Sun. May 19th, 2024


When most people think of a casino, they imagine one of the megaresorts in Las Vegas—a massive hotel and entertainment complex blazing with neon lights and games. But casinos come in all shapes and sizes. Some are small businesses defined more by the types of gambling they offer than by glitz and glamour. Others are huge entertainment complexes with hotels, restaurants and many different gambling games.

Casinos make money by putting up odds for each game that give the house a mathematical advantage. This edge is usually less than two percent, but it can accumulate over millions of bets. To offset the house advantage, casinos charge a commission to players on some of their bets, called the vigorish or rake. This is a significant portion of the profit from some table games, such as roulette, craps and baccarat, and some video poker machines.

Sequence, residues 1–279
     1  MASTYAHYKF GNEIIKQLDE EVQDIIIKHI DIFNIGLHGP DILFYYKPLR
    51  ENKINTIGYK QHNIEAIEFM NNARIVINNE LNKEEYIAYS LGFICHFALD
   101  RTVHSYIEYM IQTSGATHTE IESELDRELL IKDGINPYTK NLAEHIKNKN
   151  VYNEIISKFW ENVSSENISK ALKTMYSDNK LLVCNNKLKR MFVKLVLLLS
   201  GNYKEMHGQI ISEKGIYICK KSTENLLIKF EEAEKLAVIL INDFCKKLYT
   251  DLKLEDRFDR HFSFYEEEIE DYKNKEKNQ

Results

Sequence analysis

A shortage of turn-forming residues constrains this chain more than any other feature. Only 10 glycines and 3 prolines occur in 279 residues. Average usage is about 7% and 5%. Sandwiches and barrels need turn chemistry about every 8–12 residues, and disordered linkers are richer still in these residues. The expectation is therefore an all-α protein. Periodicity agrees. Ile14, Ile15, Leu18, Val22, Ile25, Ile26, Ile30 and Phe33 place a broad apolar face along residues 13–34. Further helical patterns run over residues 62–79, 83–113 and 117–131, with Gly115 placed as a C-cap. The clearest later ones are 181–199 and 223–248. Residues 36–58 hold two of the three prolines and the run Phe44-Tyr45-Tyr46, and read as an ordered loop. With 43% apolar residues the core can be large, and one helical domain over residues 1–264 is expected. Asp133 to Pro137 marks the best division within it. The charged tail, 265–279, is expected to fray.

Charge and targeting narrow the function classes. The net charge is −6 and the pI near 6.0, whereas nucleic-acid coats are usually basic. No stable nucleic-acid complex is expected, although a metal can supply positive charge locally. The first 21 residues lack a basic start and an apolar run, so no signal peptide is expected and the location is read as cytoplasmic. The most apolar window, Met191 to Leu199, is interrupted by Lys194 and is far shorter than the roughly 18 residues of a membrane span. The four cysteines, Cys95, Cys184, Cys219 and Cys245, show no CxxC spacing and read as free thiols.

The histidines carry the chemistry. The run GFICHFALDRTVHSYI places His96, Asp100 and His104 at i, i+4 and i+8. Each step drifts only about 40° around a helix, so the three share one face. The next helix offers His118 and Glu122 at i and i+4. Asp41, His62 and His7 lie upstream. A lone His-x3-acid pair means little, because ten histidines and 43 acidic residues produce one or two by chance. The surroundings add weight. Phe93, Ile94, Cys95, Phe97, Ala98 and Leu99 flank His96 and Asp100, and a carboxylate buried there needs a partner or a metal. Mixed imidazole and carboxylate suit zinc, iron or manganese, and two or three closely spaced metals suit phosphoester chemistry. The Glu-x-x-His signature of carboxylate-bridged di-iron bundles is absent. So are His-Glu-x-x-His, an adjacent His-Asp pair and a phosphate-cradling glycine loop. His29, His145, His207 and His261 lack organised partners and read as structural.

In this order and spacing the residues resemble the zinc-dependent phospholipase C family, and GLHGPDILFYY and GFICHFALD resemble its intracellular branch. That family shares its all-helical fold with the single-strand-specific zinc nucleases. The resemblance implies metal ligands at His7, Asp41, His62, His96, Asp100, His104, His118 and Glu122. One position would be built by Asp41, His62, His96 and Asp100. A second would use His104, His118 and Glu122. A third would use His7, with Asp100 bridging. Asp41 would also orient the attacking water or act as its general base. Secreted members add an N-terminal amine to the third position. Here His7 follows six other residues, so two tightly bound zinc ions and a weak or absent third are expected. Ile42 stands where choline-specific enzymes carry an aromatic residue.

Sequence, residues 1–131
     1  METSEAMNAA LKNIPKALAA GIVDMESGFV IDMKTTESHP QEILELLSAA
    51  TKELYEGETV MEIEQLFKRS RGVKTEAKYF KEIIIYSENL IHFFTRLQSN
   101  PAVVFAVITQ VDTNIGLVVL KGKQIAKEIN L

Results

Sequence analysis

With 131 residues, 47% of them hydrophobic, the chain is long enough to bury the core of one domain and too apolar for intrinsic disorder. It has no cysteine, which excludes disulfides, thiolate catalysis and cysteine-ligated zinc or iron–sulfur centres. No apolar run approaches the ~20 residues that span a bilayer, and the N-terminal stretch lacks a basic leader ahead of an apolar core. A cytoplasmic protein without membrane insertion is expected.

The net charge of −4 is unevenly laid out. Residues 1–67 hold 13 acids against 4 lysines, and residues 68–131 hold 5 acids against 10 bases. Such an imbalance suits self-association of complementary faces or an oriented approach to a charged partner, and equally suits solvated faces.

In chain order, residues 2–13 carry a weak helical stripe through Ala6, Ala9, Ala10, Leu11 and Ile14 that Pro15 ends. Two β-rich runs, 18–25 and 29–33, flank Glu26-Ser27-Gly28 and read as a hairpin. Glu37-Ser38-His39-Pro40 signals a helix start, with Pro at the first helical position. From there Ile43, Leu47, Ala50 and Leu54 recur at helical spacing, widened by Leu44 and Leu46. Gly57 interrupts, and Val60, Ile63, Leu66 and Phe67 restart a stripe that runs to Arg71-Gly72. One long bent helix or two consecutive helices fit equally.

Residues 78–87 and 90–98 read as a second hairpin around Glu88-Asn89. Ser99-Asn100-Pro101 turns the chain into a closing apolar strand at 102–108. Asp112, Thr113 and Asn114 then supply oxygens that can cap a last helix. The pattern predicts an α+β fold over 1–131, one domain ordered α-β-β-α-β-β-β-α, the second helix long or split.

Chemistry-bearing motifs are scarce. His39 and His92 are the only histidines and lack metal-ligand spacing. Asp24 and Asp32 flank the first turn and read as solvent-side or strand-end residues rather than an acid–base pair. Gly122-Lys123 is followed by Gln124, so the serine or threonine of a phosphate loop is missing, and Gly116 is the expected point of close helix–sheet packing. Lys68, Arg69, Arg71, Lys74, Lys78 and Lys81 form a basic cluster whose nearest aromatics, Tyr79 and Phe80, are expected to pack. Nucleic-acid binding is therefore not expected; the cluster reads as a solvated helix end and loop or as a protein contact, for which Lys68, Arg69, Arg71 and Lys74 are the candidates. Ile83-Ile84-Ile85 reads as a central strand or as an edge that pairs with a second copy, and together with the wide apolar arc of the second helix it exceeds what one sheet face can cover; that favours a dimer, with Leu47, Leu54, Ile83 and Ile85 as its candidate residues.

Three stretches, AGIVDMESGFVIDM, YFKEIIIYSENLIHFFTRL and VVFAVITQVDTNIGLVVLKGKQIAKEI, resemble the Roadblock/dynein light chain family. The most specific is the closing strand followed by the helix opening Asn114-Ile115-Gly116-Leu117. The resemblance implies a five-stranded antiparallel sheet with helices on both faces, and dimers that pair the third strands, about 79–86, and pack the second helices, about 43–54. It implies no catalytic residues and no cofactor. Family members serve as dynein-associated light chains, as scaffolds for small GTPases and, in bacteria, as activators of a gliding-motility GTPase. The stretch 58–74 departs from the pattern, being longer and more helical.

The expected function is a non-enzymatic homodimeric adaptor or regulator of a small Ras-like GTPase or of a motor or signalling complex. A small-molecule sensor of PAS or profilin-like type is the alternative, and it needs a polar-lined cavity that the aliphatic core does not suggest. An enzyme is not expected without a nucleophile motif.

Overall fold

Security begins on the floor of a casino, where employees keep their eyes on the patrons and their behavior. Dealers at table games can easily spot blatant cheating such as palming, marking or switching cards or dice. Casino security personnel also watch the betting patterns of slot machine players to detect patterns that might indicate cheating.

In addition, casinos are wired to a network of surveillance cameras that can be adjusted from a control room filled with banks of security monitors. Casinos also invest in “high rollers,” a special group of gamblers who spend tens of thousands of dollars at a time. These people are often given private rooms, separate from the main casino floor, where they can place high-stakes bets.